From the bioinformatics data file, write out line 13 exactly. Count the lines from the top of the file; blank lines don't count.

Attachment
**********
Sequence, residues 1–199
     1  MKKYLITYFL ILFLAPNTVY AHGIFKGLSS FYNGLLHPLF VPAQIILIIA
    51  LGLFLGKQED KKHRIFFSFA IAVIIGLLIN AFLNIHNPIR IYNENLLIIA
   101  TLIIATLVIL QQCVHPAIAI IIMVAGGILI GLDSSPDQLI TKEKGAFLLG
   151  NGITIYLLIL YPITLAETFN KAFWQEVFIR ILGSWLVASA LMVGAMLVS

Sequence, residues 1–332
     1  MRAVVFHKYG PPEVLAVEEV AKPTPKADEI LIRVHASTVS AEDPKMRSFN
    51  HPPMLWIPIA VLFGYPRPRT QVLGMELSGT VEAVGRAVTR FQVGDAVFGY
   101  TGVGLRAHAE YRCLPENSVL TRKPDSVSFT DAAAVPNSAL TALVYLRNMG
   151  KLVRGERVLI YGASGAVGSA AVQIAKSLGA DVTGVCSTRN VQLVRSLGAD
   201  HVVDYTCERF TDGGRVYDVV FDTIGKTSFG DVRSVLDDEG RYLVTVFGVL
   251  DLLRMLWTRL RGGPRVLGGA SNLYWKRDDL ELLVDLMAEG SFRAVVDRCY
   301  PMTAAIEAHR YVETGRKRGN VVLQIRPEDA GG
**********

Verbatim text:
   301  PMTAAIEAHR YVETGRKRGN VVLQIRPEDA GG